Tuesday, January 6, 2009

A Masterful Compilation of Vocabulary

The title sounds a bit pompous, doesn't it? I'd like to apologize to Jared now, as I'm about to use an offhand statement he made to my husband a few weeks ago as an example to start out this post.

It'd been a while since he'd posted on his own blog (Cowboy Thoughts - link can be found in my blog list), and I commented on how much I'd been missing him. The next day he said something like this to my husband, "Your wife used a word I didn't know," to which my hubby replied, "Yeah, she does that to me all the time."

I had to chuckle, but it's stuck with me since. I've always loved words, and the bigger they are the smarter I sound, lol. Right? RIGHT?

Yet the power a word holds is too often skimmed over in these days. As I stood outside my son's school class waiting for it to end, there were three men talking music and laughing. As I tuned in to what they were actually saying, my ears were assaulted by the use of awful language from one particular young man. The swearing wasn't done in anger, or to insult anyone, it was simply a natural pattern of his conversation. With each word, however, I found myself shifting away from them, chanting internally for the doors to open so I could leave. At one point I covered my ears (with the pretense of keeping them warm) and tapped my teeth so I wouldn't have to listen anymore.

My mind drifted back to one of the most poignant times when the value of words was brought home to me. Believe it or not, I was watching the movie "Hook", the one with Robin Williams. For those who are unfamiliar with it, Robin plays a grownup Peter Pan, who's forgotten who he is. He cannot fly. He cannot fight. This doesn't stop Captain Hook from taking his children, in the hopes of one last, final fight between the two. Tinkerbell promises to get Peter back into fighting form with the help of the Lost Boys.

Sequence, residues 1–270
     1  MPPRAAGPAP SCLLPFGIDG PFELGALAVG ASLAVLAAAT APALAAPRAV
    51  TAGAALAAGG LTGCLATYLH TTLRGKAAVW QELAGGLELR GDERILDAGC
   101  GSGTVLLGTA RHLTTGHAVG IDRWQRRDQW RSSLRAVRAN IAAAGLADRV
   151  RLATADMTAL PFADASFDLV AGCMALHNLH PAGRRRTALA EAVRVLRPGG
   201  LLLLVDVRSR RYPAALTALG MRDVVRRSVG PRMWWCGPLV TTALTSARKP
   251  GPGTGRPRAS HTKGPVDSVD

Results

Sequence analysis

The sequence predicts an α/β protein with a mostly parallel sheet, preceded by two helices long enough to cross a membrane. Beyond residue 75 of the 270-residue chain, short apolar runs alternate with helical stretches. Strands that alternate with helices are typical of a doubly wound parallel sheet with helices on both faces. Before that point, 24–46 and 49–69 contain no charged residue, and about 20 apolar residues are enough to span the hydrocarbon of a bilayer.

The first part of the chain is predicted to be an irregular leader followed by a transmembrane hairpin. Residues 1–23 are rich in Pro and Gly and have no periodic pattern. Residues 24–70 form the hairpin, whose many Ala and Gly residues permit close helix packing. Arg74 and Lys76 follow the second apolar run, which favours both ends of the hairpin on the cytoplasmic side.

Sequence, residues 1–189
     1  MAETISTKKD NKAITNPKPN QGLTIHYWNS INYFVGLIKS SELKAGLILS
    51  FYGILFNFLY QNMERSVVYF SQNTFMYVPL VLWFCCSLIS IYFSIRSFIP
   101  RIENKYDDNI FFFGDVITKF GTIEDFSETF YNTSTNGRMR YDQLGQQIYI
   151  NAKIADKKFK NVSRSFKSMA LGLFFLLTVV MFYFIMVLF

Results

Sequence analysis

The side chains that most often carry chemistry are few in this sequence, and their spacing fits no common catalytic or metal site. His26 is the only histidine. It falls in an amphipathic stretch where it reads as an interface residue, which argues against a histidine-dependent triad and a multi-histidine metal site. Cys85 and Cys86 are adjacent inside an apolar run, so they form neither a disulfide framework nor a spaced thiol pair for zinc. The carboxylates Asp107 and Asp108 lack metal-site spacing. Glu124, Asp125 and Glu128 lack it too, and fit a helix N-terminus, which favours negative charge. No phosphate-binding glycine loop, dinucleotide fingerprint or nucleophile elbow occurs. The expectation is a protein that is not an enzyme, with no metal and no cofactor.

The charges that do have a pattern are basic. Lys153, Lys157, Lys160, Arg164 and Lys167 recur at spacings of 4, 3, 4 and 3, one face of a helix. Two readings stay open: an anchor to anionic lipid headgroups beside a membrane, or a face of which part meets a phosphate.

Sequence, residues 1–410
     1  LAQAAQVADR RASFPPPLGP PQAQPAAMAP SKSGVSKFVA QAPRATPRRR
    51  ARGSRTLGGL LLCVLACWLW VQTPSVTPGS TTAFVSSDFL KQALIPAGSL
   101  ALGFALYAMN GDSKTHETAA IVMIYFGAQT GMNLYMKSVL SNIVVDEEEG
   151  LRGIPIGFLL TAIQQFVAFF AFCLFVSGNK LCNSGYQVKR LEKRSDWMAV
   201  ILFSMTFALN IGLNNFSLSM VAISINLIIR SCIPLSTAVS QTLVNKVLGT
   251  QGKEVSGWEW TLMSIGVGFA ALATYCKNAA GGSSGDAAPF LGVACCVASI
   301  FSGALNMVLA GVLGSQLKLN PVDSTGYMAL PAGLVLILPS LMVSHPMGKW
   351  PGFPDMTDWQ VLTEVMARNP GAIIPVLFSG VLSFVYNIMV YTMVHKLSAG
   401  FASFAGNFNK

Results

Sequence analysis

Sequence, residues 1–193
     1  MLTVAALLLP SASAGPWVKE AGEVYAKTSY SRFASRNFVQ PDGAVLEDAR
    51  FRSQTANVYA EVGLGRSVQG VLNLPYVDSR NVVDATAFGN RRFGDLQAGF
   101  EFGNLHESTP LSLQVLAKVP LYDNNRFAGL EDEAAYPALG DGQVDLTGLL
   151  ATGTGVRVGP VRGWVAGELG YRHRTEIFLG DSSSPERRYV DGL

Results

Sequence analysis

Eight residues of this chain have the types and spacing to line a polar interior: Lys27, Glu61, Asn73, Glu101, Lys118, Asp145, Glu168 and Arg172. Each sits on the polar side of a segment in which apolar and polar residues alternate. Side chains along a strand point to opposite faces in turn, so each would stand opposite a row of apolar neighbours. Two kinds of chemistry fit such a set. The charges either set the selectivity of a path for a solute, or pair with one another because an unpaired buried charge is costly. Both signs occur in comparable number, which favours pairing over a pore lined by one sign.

At one point, they've all sat down to dinner, though you can only see (and eat) the food if you use your imagination (which Peter forgot how to do a long, long time ago). The leader of the Lost Boys, Rufio, begins making fun of Peter, calling him names and such. At last Peter is goaded into taunting the boy right back, and a battle of words commences.

As both Peter and Rufio try to outdo one another we begin to see the value of knowledge in confronting someone who is ready to bring you down. Rufio's name calling eventually deteriorates under Peter's extensive use of words none of the kids understand, until, in a last and desperate attempt to regain ground Rufio shouts out, "You stupid, stupid man!"

It sounded like something a child would shout in anger and frustration. It sounded lame.

The next thing that came to mind was an experience I had a few years ago as I (once again) stood outside waiting for my oldest to come out of class. My youngest was a tiny little thing at the time, and my boys had headed towards the playground to have some fun until the bell rang. A group of girls (about 11 or twelve) gathered nearby, all ready for a confrontation. The fight ended up being one of words, and the words were deplorable! I found myself wanting to cover my baby's ears, and to be honest it took me days to recover from the damage it did to my spirit. Because they had such a limited vocabulary, they had to resort to using the basest and ugliest of words, ones which damage them more than the objects of their hatred.

Words have power. The words that come out of your mouth speak volumes about the person you are. Knowledge is power. The more you learn the better equipped you are to deal with people. If you don't know a word someone uses, look it up. Empower yourself. Empower others. Use these words to uplift and enlighten those around you. One of the most beautiful gifts we can give those we love is a kind word.


Emily said...

There is a power in words - and not only in the written word, but also in how we speak and effectively communicate with each other. I think that's why it's so important to keep our manners and speach clean and respectful. It really is a reflection of who you are on the inside. Great post, and that's hilarious about Jared. lol He's so cute.

Anonymous said...

Your words are so powerful and true. Once again thanks for sharing something so meaningful. I remember a time when I used those awful vulgar words to help me express my anger. Close family of mine used these words and I thought it was a right of passage into adulthood. I'm so glad I've seen the err in my ways and changed how I speak to others. Now I'm working on telling my three year old why speaking that way is damaging to his soul. In little kid dialect of course. :)

Jennie said...

Excellent blog. Big words or little ones do not matter as much as having an abundance of choices. Words lose power, effectiveness, and even shock affect when they're used repetitively. And there's no way to express yourself intelligently if you assume a word's meaning is "close enough" to the meaning you wish to convey.